[in the penultimate paragraph, Sanders referred to the oil companies and their demand for even more tax breaks--(federal income tax breaks, I'm sure he meant to say). That's where the quoted sentences discussed by Pappas are embedded.]
These people want to cut back on the powers of the EPA and the Department of Energy so that ExxonMobil can remain the most profitable corporation in world history while oil and coal companies continue to pollute our air and our water. Last year, ExxonMobil made $19 billion in profit. Guess what. They paid zero in taxes. They got a $156 million refund from the IRS. I guess that is not good enough. We have to give the oil companies even more tax breaks
All in all, Pappas' chagrin at the "misleading" nature of Sanders' talk seems manufactured. Anybody reading the speech would have been quite clear that this was a discussion of federal income taxes.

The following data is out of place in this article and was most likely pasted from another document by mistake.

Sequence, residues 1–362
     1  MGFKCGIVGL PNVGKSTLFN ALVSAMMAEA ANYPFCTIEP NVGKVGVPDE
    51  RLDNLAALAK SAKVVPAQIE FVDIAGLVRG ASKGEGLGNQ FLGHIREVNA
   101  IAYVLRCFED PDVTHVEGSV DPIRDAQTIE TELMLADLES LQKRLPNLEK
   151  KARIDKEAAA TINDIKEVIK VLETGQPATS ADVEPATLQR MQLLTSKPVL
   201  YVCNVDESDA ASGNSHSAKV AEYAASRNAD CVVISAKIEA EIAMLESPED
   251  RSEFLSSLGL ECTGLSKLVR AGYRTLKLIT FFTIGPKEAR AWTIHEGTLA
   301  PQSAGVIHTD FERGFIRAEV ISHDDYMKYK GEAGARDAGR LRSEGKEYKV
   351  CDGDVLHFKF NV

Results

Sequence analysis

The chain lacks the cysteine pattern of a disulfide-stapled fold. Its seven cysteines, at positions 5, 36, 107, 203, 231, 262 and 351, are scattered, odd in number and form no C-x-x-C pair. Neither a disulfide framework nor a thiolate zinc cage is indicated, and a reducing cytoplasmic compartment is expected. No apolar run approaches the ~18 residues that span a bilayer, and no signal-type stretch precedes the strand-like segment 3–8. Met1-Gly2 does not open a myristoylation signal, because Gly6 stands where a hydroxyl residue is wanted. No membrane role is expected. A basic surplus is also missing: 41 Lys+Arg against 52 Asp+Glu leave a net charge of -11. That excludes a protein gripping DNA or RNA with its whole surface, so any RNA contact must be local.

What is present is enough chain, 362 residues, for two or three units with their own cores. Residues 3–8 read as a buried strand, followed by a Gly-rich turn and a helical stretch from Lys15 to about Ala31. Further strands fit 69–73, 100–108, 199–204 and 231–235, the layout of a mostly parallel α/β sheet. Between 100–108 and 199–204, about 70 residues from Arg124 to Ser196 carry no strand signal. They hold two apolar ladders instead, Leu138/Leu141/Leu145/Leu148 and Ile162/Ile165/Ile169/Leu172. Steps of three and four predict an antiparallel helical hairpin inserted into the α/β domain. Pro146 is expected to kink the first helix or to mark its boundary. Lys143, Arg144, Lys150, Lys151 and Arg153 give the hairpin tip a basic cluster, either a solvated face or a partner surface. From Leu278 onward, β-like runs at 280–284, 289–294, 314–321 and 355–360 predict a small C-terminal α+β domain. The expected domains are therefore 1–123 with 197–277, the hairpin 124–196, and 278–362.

And let's put Pappas' choice of doing this posting (and claiming that I in particular am somehow derelict in my duty as a blogger for not pointing out the "lie" in Bernie Sanders' speech) in context. Let's look, for example, at one of the "related posts" on Pappas' own blog. Pappas, 51% of Americans Pay Zero Tax; Share of Government Funded by the Rich Increases, May 9, 2011. Now, of course you all know that the title by itself is an outright lie. It is very hard for any American who buys various items necessary for existence (gas, food, clothing, necessaries, an occasional splurge) to manage not to pay any state or local sales taxes, and of course many states have income taxes as well and even poor Americans who have jobs will also pay payroll taxes (for Social Security and Medicare). It simply isn't true that 51% of Americans pay "zero tax". Now, in the body of the post itself, Pappas does state that the 51% figure is a number in a congressional study suggesting the percentage of Americans that owe no federal income tax in 2009. Does that make up for the headline? It's an attention grabber--and a terribly misleading one.